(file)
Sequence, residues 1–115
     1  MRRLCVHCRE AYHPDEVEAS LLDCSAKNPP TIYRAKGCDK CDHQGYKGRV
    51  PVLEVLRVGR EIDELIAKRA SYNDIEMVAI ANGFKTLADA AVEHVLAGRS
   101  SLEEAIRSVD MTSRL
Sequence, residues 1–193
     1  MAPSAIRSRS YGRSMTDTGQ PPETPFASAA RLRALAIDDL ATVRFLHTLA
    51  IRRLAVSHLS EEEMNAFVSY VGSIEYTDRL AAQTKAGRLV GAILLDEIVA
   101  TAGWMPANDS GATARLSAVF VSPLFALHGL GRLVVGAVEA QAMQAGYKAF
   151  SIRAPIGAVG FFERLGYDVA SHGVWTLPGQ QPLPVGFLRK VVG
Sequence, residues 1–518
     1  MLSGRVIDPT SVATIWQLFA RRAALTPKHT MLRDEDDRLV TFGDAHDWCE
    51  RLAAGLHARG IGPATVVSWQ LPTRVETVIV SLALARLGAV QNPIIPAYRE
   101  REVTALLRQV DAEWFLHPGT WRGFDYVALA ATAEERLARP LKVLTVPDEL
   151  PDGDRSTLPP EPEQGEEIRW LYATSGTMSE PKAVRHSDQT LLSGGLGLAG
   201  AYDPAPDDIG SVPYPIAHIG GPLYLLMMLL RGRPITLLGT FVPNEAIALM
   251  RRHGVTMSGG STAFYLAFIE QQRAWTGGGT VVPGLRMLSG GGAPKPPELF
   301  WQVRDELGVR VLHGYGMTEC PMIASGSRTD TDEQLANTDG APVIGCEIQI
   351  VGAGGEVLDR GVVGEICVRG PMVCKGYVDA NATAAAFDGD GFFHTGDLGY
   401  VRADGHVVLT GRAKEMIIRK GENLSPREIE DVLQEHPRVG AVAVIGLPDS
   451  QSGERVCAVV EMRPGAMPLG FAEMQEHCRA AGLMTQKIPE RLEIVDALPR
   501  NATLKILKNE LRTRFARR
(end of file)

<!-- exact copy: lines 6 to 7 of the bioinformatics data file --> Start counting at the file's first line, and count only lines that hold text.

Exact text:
     1  MAPSAIRSRS YGRSMTDTGQ PPETPFASAA RLRALAIDDL ATVRFLHTLA
    51  IRRLAVSHLS EEEMNAFVSY VGSIEYTDRL AAQTKAGRLV GAILLDEIVA